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john berry

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john berry last won the day on December 9

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About john berry

  • Rank
    Guard Bee

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  • Beekeeping Experience
    Commercial Beekeeper

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  • Location
    Hawke's Bay
  1. Clover season

    Checked some hives yesterday in an area that had had plenty of rain and they were doing almost nothing in fact there were quite a bit better in places where there be no rain at all. Had an interesting drive down to palmy this morning to pick up a Kiwi chick at Massey and it went from green to dry and back again almost paddock by paddock showing how variable rainfall can be from thunderstorms. There is more clover round this year than last year but it is still pretty disappointing.
  2. Hastings and area AFB outbreak

    The profile of those who spread AFB is extremely varied and I would certainly not blame it all on the hobbyists as I have known many semicommercial and commercial beekeepers who were hopeless at disease control. Age can pay apart and I have seen peoples beekeeping deteriorate with age but conversely with age also comes experience. I have found the worst offenders tend to fall into three camps. New beekeepers with little or no experience. Beekeepers who for health or other reasons just don't have time to look after the number of hives they have properly. Beekeepers who for whatever reason are not competent at detecting AFB and never will be. Of course we now have corporate beekeepers some of whom manage to encompass all three at once. With the new technology coming online it should soon be possible to economically test batches of honey on extraction and personally I would like to see it made mandatory. It would not identify individual hives but it would sure show who had a problem and enable proper targeting of resources.
  3. Hippo Head - Diagnosis

    It might be wax moth but doesn't quite look right for that. You do get hives in which the brood does not always end up fully capped and I suspect a genetic component. I used to occasionally see hives where around 50% of the brood was not capped at all, it never seemed to do any harm but was not something you would breed from which may have been a mistake as uncapped brood may and I do mean only may potentially help with varoa control.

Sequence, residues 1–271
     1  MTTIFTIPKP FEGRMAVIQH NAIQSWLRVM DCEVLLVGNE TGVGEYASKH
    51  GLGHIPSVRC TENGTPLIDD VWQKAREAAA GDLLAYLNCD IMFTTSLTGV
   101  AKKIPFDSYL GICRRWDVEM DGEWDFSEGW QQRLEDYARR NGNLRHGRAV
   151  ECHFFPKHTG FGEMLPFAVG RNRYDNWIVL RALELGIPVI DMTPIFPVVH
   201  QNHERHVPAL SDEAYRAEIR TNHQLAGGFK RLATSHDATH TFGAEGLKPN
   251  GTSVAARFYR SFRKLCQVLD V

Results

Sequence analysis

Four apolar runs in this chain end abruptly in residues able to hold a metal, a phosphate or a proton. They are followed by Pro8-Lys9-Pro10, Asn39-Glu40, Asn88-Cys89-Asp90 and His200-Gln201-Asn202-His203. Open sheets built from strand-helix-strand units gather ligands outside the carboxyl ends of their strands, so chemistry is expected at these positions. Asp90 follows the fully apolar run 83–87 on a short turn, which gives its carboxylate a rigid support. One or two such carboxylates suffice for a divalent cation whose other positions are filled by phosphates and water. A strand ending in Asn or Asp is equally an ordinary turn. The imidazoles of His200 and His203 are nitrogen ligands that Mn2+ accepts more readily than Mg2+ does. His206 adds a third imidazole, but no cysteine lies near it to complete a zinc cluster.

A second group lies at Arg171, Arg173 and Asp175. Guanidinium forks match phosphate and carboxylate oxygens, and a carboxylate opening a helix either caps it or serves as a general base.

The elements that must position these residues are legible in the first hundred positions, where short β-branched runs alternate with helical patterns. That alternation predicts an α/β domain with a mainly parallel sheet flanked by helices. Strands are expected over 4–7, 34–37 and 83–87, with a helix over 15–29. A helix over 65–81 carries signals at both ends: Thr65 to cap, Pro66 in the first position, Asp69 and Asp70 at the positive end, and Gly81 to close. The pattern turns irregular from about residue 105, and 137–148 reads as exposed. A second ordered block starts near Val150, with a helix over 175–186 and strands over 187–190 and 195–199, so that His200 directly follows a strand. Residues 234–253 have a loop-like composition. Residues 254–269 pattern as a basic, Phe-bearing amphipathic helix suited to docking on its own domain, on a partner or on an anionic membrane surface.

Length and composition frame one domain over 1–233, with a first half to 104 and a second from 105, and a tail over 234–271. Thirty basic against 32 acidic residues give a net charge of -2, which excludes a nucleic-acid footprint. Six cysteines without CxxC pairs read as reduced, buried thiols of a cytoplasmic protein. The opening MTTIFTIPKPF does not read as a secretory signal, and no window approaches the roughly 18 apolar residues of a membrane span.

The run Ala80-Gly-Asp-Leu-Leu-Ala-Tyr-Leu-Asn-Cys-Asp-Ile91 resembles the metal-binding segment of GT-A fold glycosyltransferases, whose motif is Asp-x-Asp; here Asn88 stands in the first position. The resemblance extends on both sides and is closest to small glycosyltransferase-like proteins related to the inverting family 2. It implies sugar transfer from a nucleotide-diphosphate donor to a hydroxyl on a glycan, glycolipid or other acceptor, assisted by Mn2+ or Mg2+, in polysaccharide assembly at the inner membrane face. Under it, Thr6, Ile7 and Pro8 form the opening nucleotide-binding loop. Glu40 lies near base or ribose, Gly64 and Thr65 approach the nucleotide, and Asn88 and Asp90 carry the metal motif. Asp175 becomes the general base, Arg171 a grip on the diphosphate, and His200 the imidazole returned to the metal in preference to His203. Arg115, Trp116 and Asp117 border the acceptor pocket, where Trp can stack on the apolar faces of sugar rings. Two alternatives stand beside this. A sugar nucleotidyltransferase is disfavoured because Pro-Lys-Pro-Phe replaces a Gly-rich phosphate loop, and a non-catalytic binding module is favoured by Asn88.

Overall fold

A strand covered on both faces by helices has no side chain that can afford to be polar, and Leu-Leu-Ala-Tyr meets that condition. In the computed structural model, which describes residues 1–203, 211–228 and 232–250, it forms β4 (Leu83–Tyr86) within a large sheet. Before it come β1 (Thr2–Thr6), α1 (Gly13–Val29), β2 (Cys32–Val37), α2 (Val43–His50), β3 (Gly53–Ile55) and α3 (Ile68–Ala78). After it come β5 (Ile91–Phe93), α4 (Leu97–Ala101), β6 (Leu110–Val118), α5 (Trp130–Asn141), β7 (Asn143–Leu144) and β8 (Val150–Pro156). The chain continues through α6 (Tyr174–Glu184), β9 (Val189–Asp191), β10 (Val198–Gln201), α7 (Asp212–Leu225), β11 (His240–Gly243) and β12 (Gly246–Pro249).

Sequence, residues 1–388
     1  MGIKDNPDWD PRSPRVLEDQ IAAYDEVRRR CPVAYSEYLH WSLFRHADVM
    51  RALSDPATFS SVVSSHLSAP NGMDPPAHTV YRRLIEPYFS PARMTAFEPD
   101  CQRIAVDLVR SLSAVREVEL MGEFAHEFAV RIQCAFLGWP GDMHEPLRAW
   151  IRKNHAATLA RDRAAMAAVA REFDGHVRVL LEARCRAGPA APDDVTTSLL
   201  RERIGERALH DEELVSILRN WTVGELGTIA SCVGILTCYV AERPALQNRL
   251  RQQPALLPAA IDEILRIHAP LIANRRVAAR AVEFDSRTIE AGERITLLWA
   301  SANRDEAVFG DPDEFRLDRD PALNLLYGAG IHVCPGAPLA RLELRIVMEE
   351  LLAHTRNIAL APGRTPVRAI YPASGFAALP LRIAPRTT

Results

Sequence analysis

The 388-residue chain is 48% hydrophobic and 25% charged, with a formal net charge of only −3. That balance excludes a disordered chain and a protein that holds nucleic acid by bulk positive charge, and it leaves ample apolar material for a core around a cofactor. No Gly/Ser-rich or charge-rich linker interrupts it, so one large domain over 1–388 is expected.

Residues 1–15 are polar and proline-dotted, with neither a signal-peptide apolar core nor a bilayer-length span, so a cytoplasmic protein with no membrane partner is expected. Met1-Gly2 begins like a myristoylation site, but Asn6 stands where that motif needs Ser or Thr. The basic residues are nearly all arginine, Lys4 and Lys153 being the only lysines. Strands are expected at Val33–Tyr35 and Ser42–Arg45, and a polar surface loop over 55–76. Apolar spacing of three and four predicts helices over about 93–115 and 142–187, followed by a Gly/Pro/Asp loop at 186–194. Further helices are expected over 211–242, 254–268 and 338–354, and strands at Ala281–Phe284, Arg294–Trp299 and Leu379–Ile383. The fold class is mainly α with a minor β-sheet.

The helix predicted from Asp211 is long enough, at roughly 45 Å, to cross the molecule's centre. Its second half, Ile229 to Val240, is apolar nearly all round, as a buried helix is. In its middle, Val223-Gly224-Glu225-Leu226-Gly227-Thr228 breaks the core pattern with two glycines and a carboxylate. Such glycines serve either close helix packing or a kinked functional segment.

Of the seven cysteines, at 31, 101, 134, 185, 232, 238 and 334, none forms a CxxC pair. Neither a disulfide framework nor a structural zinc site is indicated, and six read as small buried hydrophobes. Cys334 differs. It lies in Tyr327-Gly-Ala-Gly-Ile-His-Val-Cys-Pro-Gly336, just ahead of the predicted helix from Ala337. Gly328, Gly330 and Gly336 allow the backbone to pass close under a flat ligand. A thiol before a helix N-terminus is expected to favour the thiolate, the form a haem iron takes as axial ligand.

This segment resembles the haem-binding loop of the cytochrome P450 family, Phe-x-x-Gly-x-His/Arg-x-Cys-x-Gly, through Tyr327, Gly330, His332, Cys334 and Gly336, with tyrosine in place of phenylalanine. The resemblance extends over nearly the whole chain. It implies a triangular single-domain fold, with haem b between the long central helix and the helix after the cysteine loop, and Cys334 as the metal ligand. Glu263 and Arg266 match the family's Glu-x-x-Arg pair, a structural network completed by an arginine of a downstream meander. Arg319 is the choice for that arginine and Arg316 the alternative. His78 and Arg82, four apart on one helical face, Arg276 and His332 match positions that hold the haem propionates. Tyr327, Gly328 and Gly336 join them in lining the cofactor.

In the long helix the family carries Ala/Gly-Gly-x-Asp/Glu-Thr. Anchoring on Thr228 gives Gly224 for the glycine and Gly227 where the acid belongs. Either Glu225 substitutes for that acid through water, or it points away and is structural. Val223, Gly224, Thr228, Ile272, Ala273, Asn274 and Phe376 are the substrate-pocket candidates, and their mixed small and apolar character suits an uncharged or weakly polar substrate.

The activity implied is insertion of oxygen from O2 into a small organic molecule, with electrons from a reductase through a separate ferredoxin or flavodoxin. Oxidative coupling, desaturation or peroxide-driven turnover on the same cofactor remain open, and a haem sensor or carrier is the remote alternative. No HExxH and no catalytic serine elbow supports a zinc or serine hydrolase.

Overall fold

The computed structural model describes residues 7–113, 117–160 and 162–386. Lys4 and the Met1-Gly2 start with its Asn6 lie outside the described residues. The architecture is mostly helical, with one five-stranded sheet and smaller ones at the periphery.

4. Cheapest and best frames in nz

    I make my own simplicity frames. I can assemble over 100 an hour and wire about 60 per hour with embedding foundation and drilling added I would think it takes me under three hours to complete 100 frames. I have tried plastic and they have many advantages but they are still plastic.
  5. Hastings and area AFB outbreak

    There has been a major AFB outbreak in the greater Hastings area with numerous confirmed cases including several dead rob outs. Anyone with any hives in the orchard areas around the plains area should be very concerned including anyone who did pollination or those with mega dump sites along the river areas. In most cases I don't know the names of those involved but I do know that there are many beekeepers affected and at least three and probably considerably more sources of infection. If you don't have time to learn how to look after your hives properly or enough time to look after your hives properly then you should get rid of them. AFB outbreaks are always caused by someone's ignorance or apathy. This outbreak affects many thousands of hives and potentially threatens the viability of pollination in the area.. I am no longer an AP 2 but I can of course inspect hives for anyone at their request. Due to time constraints my preferred option is for people to bring me a bee free frame of suspect brood for inspection which I am happy to do for free. It's a nice weekend people, you have been warned, get out there and inspect them before you to become part of the problem.
  6. Heatstroke

    I have only once ever seen hives melt internally from the heat and the honey we were taking off was melting on the back of the truck. Black scoria country. That was over 40 years ago but I still remember.
  7. Heatstroke

    I have a mate who has ended up in hospital twice with heat stroke from working bees. I take it really easy when it's really hot and in a big yard will stop several times for a drink of water. I find that if I start panting it's a bad sign and time to find some shade. I always have tons of water and and not shy about tipping over my head. When we get a real heatwave like there is at the moment I try and start and finish early and a quick swim in the river doesn't do you any harm.